I’ve been reading through my blog posts from the beginning, and I’m not as disappointed as I was afraid I would be, but I’m also not magically coming up with an idea for how to structure it. Is it a book about writing the blog, or is it a book of the blog, not self-conscious, not even revised so much as sewn together?

My Delilah

Delilah is perplexed.

When I first started the blog, I was squeamish about memoir writing. One of the things I like most about writing fiction is that I can change things for the better. I can make up lives that I would want to live. It took me a while of writing blog posts to get desperate enough and brave enough to put more memoir and risk into the posts; to tell people who I really am, when I’m not just trying to be acceptable. And a lot of people reached out to me as a result, and showed deep understanding and compassion for me that I would never have gotten if I’d left out the painful parts.

Samson chewing on my brother.

Samson chewing on my brother.

I had a creative non-fiction teacher who said that the best way to write an essay is to bring two separate ideas together, and the drama and surprise will come from the place where the two ideas meet. I kept that in the back of my mind, not really getting it, until maybe a year into writing this blog. I started to notice that no matter how unrelated my chosen topic seemed to be to the theme of the blog – dogs – as soon as I forced myself to find a connection, the essay came together. For some reason, just writing about each topic that interests me can get bogged down, tedious, and flat, but when I try to combine it with the dogs, I find new things, new angles, that I didn’t know were there.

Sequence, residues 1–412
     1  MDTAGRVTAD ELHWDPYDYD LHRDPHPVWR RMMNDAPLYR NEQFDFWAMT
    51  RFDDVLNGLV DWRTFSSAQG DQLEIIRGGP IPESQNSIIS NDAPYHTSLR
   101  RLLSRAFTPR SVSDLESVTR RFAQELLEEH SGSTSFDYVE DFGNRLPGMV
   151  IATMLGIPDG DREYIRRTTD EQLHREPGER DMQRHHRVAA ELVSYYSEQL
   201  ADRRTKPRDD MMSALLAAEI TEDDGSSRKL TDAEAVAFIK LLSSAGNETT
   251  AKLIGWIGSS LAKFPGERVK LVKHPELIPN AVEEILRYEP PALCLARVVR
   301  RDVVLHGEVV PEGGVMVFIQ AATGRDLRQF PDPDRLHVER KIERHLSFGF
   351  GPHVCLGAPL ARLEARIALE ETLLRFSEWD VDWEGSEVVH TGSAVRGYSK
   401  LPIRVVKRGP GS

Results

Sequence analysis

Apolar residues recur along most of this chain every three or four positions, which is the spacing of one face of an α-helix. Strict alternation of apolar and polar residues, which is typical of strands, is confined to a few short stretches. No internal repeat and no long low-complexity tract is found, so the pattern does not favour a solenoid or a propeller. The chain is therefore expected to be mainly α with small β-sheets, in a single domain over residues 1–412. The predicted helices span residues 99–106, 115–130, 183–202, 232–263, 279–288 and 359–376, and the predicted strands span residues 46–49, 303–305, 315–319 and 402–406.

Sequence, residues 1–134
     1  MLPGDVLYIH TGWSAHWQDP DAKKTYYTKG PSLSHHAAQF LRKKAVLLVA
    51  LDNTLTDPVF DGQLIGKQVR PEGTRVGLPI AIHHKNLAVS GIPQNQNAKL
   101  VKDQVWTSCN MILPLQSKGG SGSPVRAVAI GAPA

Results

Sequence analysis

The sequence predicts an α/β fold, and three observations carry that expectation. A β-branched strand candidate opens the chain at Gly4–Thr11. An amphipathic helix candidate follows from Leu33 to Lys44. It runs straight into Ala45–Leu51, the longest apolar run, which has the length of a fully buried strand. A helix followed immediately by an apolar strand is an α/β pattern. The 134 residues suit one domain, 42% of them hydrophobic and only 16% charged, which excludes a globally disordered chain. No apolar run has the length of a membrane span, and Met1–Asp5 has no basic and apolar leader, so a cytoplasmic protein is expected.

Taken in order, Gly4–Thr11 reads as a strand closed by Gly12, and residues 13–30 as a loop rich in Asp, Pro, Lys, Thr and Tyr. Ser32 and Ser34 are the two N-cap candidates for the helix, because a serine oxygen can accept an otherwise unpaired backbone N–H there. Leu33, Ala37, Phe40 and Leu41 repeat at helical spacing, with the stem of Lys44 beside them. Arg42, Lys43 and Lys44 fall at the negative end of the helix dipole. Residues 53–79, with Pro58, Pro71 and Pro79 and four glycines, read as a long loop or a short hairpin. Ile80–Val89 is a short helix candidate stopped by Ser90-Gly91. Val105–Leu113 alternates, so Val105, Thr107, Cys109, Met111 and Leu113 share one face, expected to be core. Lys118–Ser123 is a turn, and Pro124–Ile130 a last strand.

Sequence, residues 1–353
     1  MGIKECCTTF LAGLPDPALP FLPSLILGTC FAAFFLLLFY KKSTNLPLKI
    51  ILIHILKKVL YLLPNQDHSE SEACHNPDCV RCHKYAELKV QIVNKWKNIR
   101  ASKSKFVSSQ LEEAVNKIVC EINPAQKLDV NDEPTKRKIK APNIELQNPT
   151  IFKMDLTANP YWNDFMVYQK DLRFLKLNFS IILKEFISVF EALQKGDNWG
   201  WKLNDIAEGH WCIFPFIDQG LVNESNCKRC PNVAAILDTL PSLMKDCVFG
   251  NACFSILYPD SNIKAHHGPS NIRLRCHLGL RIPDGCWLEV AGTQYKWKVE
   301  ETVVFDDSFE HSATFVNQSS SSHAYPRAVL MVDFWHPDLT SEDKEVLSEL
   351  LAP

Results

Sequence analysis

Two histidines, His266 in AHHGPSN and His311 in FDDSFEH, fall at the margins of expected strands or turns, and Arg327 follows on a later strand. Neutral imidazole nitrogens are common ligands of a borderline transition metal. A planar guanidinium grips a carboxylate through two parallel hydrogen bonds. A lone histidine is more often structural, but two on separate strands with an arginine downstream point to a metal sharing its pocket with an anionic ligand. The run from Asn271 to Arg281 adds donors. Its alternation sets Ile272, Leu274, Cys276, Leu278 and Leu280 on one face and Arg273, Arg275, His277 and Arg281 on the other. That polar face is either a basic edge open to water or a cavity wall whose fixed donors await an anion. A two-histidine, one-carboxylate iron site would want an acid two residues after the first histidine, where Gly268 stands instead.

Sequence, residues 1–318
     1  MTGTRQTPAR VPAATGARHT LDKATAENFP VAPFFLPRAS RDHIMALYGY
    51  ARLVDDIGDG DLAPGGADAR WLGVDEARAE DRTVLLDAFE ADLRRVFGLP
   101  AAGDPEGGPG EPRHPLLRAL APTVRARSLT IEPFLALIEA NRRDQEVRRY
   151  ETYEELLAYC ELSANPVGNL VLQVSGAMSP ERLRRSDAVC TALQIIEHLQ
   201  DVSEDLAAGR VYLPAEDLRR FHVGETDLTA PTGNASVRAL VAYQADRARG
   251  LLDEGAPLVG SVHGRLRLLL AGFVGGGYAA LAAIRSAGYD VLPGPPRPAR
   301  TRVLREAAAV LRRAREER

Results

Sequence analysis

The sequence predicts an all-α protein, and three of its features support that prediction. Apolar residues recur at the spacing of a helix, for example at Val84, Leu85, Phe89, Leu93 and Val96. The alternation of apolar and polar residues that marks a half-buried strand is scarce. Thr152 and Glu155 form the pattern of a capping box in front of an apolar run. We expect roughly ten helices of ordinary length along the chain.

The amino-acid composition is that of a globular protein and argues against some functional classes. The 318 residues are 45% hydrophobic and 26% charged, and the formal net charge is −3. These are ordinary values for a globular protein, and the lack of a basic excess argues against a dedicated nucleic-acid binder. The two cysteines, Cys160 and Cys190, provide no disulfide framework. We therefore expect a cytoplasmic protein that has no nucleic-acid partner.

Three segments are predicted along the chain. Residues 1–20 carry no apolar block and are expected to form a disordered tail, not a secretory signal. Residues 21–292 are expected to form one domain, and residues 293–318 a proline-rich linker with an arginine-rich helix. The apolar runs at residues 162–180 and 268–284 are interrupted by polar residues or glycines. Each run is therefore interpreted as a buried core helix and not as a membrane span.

Dina

Dina always had her own way of seeing things.

Miss Butterfly.

Miss Butterfly brings socks and warmth.

Miss Cricket.

Miss Cricket makes everything more interesting.

I feel like every six months or so, I let myself reach down another level, admitting things that are scary to admit in public, showing another layer. And I’ve needed to do it this way, at this pace. I can only push my boundaries a little bit at a time, and only when I feel ready. I think there’s still a lot of room for me to grow, and that makes me worry about turning this into a memoir too soon.

I don’t want to lose this.

Harrumph.

Harrumph.

Cricket is an Honorary Human Now

In her early middle age (she is almost nine years old), Cricket has developed the most common human disorder, lower back pain. She has always known she was a human, and now she has proof. Unfortunately, when she first started to exhibit symptoms, I had no idea what I was looking at and started to imagine the worst.

Cricket, the pulling machine.

Cricket, the pulling machine.